I have a friend who works or worked at MTVi in a high-level position. Their offices were south of 14th Street in Manhattan, so after (first) the trauma of the World Trade Center disaster, they were unable to return to work until the next week. Back in the office, things were raw, apparently. The axe finally fell today, about six weeks after the disaster. MTV is folding its interactive division, once primed for a separate IPO, back into the parent firm and laying off a ton of employees. I'll be interested to see Adam Curry's reaction given his long-time "relationship" with MTV and his many friends and colleagues at the network.

Amazon.com Explains Special Order Surcharges

I noticed today that Amazon.com has modified and raised its special order surcharge for books that require direct-from-publisher orders. Typically, these books are listed with 4-6 week availability on their site. I have written (and been quoted) extensively on the subject during Amazon.com's confusing pricing tests this summer, since which the company calmed down. My colleagues at the firm expressed their surprise and concern that I was critical of the pricing test, but ultimately I think I convinced them that consumers wouldn't be able to navigate the several changes in price, shipping, and surcharges.

The latest change comes after months of stability, and addresses all of my concerns. In the interim between summer and this change, Amazon.com has charged a 99-cent surcharge for special order titles, but did not note this information anywhere except as a surcharge on their shipping charges page. When you reached the checkout page, the surcharge was included in shipping and handling without an additional explanation.

When I noticed the change today, it was profoundly improved: each page that has a surcharge not only notes it (see this book, for instance), but explains it with some depth and links to a page with even more information. Since Amazon.com is the best and biggest fulfiller of special order titles - being the largest bookstore that orders non-mainstream titles direct from individual publishers - I find it perfectly reasonable that they're charging something that reflects their costs involved.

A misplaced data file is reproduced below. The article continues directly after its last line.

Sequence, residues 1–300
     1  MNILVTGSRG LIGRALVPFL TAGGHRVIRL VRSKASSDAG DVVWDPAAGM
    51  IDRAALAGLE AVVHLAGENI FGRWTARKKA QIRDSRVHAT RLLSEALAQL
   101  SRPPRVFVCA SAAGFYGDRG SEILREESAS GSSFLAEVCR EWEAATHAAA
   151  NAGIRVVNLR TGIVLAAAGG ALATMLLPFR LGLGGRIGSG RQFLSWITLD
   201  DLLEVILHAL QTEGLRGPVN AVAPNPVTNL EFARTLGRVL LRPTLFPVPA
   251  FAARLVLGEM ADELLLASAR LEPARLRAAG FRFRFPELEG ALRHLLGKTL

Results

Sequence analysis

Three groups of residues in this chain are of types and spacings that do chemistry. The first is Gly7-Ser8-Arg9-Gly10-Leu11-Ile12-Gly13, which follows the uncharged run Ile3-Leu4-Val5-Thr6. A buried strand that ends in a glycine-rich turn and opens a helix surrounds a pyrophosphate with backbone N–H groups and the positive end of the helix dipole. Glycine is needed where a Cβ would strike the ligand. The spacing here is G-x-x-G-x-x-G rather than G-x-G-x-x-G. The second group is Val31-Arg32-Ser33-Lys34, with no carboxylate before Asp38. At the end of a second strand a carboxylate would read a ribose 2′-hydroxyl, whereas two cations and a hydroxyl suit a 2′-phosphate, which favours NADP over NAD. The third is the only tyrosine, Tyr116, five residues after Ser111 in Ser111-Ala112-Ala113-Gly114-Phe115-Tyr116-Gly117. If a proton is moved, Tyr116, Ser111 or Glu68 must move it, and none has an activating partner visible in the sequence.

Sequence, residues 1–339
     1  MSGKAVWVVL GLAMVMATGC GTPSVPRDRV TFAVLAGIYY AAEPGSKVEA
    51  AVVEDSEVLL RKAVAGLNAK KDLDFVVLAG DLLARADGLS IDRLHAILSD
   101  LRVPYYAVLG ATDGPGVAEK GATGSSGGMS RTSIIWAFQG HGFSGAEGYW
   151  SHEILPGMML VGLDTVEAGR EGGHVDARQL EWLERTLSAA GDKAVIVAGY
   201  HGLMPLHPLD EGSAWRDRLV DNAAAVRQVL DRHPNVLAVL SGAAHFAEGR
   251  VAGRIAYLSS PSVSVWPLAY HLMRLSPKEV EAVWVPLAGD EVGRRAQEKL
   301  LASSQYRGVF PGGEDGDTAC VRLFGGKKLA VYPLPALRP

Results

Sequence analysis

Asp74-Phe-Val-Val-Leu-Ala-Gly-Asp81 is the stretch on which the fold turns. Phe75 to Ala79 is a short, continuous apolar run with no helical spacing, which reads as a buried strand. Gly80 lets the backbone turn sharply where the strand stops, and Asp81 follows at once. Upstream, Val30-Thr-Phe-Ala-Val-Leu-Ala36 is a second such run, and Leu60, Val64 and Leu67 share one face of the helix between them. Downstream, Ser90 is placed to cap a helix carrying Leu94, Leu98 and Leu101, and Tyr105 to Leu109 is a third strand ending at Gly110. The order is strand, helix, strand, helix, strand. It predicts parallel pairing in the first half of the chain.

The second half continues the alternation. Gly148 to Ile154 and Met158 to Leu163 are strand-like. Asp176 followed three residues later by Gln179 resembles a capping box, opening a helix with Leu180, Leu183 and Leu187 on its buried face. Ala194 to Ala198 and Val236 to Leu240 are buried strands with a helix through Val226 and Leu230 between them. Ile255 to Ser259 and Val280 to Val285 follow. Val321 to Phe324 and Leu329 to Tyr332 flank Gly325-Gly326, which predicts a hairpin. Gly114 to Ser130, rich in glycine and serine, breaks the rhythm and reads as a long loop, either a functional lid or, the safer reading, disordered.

Consumers may shy away and try to buy from cheaper sources, but will return when they find the wait, expectation, and follow-through is substantially worse than Amazon.com. In my talks with bricks and mortar booksellers, it's clear that they just hate special order books. Booksellers love to help their customers find the titles they want, and they generally love smaller presses. But ordering single books from publishers often involves a lot of paperwork, a short discount (20% or less instead of a more normal 40% or more), shipping fees (shipping is waived on large orders), and a reasonable delay (as they tend to have to aggregate orders or handle them on a batched weekly basis for the reasons above).

Small bookstores don't make much money, or even lose money on special order titles. Amazon.com has always had a high volume of these titles, allowing them to get the highest discounts most of the time and have waived shipping. But it still involves a lot of human involvement except with the largest publishers. The surcharge is reasonable, and should increase their margins. If Amazon.com ships, say, 200,000 special order books in 2002 out of the millions of books they handle, that's an additional nearly $4 million in revenue that's "free" to them. It benefits consumers in that consumers get the advantage of a sophisticated order and tracking system. (It may even benefit independent booksellers in offloading these more difficult, margin-reducing titles from them.)

iKilled my iPod

In my inimitable fashion, my Apple-supplied technology preview of the iPod (see earlier posts) died on me about two days after arrival. I'm sure it was my fault. I unplugged while it was running. I stuck a too-long stereo adapter in it. I put it in my back pocket (and didn't sit on it). Fortunately, my Apple PR contact at Edelman Worldwide is a clever dude. I called him this a.m., and he said, press Menu + play for 10 seconds and it'll force a reboot. I do so. Little happy iPod bootup screen. Tony, you're my savior, I say, and email his Apple contact. I deal with a lot of PR people, and they are always criticized when they don't do what we press types want. It's important to thank them to their clients when they do great deeds such as this one. Does his competence predispose me more to the product? A bit. More in this Sunday's Seattle Times.